Georgia Tech Adidas jerseys: congratulating Yellow Jackets for leaving Russell

Attn: Georgia Tech football

Bobby Dodd Stadium
177 North Avenue NW
Atlanta, GA 30313

To whom it may concern,

I hope this letter finds you well, and I am sure it does because today’s the day for you. This is an important milestone in your program’s history. After all these years, you have broken your chains and you’re officially headed to Adidas. But most importantly, you’re leaving Russell Athletic.

These jerseys are sweet, and you even got former player (now WWE superstar) Roman Reigns to come model them.

The key is the three stripe logo in the corner that represents a new partnership and a new day for the program. It’s a total overhaul, and even the mascot’s getting some shoes. It has been a long road, but it ends here. Perhaps this is more aptly referred to as a new beginning.

Your fans’ hatred of the Russell rags is well documented and well founded.

It’s not your fault that Russell became your cross to bear. You cannot be held liable for the sins of former athletic administrators.

Before any player on the team was even born, a deal was struck that made sense at the time. Russell might not have been at the top of the athletic apparel world, but they certainly weren’t in the cellar. Russell was the official apparel supplier for schools like Auburn, Washington State, and Alabama. It also had an exclusive agreement to be the uniform supplier of MLB from 1992-1999.

But the years have not been kind to Russell’s uniform business, and they’ve officially discontinued it with you as the lone major college program still in cahoots.

In 2012, the end seemed near. It, in fact, wasn’t.

The original contract was for 10 years, beginning in July of 2008. Then-AD Dan Radakovich had the option to cancel the final 5 years of the partnership prior to August 1, 2012. He elected not to do so. He left to be Clemson’s AD less than 3 months later.

For five more years you suffered as Nike, Adidas and Under Armour continued to take over the apparel game. Russell — and by extension, y’all — were left out in the cold as swag became weaponized throughout the sport. Every week your team brought a knife to a textile gun fight.

And that’s affected the program in the minds of the sport’s natural resource: recruits.

What was harming the program in the minds of of many became quantified with one survey by Pick Six Previews. They polled 100 uncommitted sophomore and junior high school football players, a third of whom agreed that a school’s uniform would have an impact on their college decision. Seventy two of them agreed that uniforms have “a great impact on [their] perception of a team.”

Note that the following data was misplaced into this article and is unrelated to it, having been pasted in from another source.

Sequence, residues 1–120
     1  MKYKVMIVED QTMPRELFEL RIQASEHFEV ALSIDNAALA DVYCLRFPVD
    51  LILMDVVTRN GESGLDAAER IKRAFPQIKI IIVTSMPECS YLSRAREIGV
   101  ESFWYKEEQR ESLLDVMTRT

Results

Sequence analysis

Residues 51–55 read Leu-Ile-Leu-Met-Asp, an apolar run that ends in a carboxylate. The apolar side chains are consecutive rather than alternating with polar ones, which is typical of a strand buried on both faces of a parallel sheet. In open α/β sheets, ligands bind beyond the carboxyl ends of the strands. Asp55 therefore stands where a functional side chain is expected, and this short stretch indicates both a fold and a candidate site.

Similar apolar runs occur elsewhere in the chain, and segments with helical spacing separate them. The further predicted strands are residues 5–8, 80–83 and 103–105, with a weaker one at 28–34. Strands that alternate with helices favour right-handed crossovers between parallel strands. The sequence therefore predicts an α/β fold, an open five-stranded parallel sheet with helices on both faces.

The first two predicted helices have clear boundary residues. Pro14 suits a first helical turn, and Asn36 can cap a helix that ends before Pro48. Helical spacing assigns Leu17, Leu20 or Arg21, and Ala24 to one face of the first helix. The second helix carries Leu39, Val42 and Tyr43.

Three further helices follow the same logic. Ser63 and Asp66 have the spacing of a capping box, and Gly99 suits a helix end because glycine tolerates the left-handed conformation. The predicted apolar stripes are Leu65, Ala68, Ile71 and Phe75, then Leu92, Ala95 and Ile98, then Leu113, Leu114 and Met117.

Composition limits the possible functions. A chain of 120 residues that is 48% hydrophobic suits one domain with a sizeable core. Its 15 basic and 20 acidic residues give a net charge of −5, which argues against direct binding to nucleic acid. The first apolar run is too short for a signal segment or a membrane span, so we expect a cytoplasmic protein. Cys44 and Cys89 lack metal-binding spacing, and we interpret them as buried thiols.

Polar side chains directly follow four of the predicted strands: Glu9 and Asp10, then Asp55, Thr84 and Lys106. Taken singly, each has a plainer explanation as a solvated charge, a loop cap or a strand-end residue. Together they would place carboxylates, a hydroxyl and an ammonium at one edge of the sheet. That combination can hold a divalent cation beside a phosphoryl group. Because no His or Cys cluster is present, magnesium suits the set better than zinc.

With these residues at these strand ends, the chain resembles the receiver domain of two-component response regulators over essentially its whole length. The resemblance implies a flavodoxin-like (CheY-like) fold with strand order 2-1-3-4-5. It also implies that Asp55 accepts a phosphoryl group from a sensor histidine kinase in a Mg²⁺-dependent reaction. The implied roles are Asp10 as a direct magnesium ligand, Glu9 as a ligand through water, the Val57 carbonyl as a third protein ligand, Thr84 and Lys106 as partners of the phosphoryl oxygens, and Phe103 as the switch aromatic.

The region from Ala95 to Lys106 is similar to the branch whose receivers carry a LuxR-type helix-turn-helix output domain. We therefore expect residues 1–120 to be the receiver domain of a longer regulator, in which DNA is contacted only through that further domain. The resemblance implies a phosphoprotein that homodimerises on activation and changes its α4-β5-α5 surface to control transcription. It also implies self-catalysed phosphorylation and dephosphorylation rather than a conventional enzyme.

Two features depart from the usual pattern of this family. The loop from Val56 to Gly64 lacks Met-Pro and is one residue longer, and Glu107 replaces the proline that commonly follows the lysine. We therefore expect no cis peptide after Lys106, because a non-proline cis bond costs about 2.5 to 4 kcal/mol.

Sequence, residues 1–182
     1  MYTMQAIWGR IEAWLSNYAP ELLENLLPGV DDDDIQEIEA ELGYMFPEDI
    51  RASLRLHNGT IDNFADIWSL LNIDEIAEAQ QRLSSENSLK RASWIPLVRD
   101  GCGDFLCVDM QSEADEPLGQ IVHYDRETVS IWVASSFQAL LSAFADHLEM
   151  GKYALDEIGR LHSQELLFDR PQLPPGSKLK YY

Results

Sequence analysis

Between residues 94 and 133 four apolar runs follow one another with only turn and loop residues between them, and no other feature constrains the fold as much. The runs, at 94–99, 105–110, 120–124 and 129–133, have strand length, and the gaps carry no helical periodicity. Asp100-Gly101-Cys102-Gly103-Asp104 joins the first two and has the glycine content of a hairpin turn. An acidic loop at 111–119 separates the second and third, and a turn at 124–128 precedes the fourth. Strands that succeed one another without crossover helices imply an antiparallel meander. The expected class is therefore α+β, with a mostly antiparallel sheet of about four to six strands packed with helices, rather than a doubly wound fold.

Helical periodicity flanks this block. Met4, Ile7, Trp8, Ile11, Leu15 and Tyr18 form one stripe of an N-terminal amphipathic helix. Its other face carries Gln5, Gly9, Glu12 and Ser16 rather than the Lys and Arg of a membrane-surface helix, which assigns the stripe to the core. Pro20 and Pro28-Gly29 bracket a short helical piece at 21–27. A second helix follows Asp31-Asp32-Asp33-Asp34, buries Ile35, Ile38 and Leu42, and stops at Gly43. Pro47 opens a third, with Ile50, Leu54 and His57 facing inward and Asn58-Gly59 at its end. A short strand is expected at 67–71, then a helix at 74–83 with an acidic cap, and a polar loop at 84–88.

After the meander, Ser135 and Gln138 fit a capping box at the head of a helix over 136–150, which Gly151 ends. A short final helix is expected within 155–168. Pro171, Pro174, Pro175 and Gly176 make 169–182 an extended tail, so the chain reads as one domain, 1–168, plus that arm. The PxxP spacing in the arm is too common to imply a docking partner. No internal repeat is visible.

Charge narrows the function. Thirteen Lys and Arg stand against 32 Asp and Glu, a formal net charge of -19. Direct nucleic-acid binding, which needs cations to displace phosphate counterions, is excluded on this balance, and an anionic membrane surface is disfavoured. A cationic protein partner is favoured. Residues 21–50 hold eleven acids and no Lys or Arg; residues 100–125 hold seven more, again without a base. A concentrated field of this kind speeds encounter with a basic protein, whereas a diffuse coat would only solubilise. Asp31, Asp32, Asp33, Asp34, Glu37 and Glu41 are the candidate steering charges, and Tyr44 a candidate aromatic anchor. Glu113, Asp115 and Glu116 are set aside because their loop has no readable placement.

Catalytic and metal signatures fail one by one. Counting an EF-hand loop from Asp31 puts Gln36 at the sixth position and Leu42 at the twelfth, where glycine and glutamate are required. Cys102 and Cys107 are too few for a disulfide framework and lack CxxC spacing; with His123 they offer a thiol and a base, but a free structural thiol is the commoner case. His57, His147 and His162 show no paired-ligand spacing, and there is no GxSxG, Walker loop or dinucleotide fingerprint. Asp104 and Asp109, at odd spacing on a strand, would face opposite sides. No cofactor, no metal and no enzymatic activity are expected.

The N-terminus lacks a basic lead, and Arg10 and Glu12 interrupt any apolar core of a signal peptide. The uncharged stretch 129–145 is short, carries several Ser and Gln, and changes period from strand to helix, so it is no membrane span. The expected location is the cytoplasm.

It is no surprise where Russell, and Georgia Tech ranked.

The recruits were asked to rate the four major providing brands on how “cool” they were. The averages were: Nike (9.5), Adidas (8.1), Under Armour (7.9), and Russell Athletic (2.9).

Georgia Tech came in #4 on the “worst uniforms” prompt, behind Alabama, Penn State, and Maryland (which was also tied for fourth on ‘best uniforms’).

In a game where perception is reality, Georgia Tech’s was not a favorable one. And your on-field product hasn’t been able to make up for the way you looked.

A trip down memory lane shows how, since that 2008 deal was signed, Russell and Georgia Tech have failed to keep up with the boom in uniform innovation touched off by Oregon.

Some aren’t bad, and the honeycomb helmets are a notable brightspot …


Corbis via Getty Images

… but more often than not you rolled out uniforms that were too busy with way too much piping. And there’s also a broader lack of innovation in the set from year-to-year, and little to no rollout or hype.

Where other schools have parties to announce their uniforms, Georgia Tech players showed up to a mid-August fan day in 2016 wearing the same set from the year before.


Getty Images

They hit the field weeks later in a tweaked set.


Icon Sportswire via Getty Images

But even schools that make subtle changes to their uniforms make a big deal out of it.

Now you get to do the same, promising a series of events throughout the academic year to unveil new sets across all sports. You’ve finally got something worth unveiling in a special way.

Adidas used to be widely panned for their uniforms.

First of all, the on-field product is improving for Adidas and gaining on Nike and Under Armour.

You’ve chosen the three stripe life at a pivotal point in their own battle for sartorial supremacy. There have been some infamous sets rolled out in recent years. But Adidas did get on the short list for best alternate uniform last season.

Beyond that, Adidas has been doing well on the business front. They’re appealing to The Youths by leaning into their strength as a lifestyle brand, where Nike and Under Armour have struggled to divorce from their roots as performance brands.

“The overall ‘sneaker’ market is not great,” [Mark Sullivan, a sportswear expert] said. “Teenage boys, the main shoe buying customers for the past 40 years, are now focused more on technology and not shoes and clothing. As a result, the sales of premium basketball shoes are down.”

And after speaking to an administrator at a school that recently switched from Nike, I’ve gathered that schools get more attention and have a better working relationship with Adidas because it has a smaller stable of teams than Nike.

I close this letter simply by giving my sincerest plaudits.

Perhaps an elegant written salutation isn’t needed. The proof is visual in nature. You are out with the old and in with the new, and I couldn’t be happier for you.

Warmly,
Richard Johnson — SB Nation.

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